Mattie O'Reilly: Right.

Ryan Tansom: If it's all fixed up, you will pay more. And so there is an equal exchange of value. I think there's a ton of, you know, bruised egos and such is when there's, you know, there's, there's false notions of what and false expectations of what people should actually get for what they have.

Mattie O'Reilly: Right. And a lot of people get in over their head. They want their money back. And that one, that one's, I put 500 grand into this place. Well you show zero profit and you have a bunch of tables and chairs that are, you know, a dime on the dollar. So it's, it's, those are tough conversations and I usually try to avoid them, but you have no idea how many situations I've been. I've walked through, ahem, an available business and the person selling it is, it is, is, wants to retire with this. They managed it for 10, 20, 30, 40 years sometimes and they're looking for the top dollar and they've let it go. And it's like you just have to be able to identify that point in time where you, you actually have something tangibly, you know, backed by numbers and data to sell. And that's, that's what, uh, at least the promise I made to myself is to just not cling on too long. It was like one of my favorite athletes, Minnesota Viking, Robert Smith, when he retired, after he led the league in rushing and want to pro ball, you know, he was a pro bowl. Everyone's like, why, why, why you're in the peak of your career. It was the most brilliant thing I've ever seen. It was, he was healthy and he left on a high note and he, and he spun his career and the other, you know, into other things where it's like that athlete that stays the five years too long is just like, they, their tendency to get hurt or they're, or they're,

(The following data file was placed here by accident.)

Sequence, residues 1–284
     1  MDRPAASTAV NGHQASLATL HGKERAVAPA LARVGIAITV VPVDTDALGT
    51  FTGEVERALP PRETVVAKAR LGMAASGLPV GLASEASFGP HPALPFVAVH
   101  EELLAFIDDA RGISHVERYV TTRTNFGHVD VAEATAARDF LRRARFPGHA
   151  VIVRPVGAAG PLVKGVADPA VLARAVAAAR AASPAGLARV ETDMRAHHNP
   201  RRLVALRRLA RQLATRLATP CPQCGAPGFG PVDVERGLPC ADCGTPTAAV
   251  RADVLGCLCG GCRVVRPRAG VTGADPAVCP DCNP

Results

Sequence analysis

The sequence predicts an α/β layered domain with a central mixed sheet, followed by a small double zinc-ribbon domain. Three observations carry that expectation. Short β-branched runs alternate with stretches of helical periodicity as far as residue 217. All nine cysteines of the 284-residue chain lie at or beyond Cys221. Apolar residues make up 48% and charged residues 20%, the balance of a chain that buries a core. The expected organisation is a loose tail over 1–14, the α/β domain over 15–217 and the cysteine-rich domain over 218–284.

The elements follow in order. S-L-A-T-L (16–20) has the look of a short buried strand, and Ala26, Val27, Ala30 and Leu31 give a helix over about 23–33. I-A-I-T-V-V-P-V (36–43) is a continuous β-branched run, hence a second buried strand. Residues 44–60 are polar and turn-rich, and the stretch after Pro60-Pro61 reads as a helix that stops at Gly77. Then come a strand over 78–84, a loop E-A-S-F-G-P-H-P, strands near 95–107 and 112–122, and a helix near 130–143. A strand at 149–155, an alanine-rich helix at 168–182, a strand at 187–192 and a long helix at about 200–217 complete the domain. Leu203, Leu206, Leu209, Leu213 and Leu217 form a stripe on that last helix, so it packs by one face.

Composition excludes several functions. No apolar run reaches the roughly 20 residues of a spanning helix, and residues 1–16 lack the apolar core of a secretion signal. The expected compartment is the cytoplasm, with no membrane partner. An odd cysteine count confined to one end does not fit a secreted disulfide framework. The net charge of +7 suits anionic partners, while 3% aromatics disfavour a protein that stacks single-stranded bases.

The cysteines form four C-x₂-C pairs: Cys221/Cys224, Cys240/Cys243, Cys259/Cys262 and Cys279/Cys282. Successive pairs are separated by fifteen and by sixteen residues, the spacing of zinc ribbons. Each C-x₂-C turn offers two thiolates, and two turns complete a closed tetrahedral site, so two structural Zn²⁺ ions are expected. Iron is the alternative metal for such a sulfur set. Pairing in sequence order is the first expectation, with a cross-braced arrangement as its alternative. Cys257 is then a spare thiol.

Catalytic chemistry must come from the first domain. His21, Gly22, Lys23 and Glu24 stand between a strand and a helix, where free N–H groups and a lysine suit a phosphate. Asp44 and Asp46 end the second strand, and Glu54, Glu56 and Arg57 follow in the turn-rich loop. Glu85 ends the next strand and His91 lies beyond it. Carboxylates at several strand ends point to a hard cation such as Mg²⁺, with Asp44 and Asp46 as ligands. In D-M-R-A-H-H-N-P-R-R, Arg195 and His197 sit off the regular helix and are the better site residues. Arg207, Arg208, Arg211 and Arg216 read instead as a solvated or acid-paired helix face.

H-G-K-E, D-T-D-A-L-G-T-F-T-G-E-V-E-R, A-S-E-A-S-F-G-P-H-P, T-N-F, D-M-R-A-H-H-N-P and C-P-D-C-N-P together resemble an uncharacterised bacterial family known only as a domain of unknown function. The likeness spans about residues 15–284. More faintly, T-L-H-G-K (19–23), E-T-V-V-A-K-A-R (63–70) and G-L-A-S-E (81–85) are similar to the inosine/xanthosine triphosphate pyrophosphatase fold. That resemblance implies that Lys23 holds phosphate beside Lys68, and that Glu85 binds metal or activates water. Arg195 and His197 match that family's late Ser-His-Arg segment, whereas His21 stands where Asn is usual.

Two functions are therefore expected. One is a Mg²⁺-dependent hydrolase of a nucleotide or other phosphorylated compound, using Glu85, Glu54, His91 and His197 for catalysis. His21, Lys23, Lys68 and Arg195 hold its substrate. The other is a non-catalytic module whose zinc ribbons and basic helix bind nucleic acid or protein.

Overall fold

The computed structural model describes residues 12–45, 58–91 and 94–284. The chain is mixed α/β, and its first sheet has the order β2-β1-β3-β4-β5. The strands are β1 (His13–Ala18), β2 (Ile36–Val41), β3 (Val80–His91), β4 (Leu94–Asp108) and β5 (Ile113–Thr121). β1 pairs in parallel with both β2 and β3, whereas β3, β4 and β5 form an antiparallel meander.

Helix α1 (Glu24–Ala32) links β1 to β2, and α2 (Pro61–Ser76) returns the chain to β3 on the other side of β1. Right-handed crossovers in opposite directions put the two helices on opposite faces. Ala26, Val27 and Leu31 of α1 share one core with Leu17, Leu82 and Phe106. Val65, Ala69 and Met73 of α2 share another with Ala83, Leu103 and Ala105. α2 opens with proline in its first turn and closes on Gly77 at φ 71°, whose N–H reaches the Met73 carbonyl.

Ryan Tansom: They're a joke!

Mattie O'Reilly: I guess. Well, yeah, I'm uh, didn't want to, I wanted to be, tried to be a little more diplomatic, but,

Ryan Tansom: All I can think about is Favre, right, where he's like doing razor commercials and playing for his mortal enemy, the Vikings, right.

Mattie O'Reilly: Right, It was just like, it was, it was one of those things that stuck out to me is just like, you know what, it's, it's a brilliant approach. Like it just, he's, uh, he's at the top of his game. Let's let everybody remember what that was. And for me, I always use that, and I'm not all that even into sports, but I just remember that as this, as this almost like a case study of like what to do to pivot, to have options. And that's kind of this, uh, you know, people always ask me why I've opened 11 businesses in 16 years for myself. Why am I getting my MBA right now? It's because I see the next 10 years looking differently than my previous 10. I don't want to do what I do for the rest of my life. I don't want to be 80 years old and sitting in one of my places trying to, you know, figure out how that's going to be my retirement plan for my family.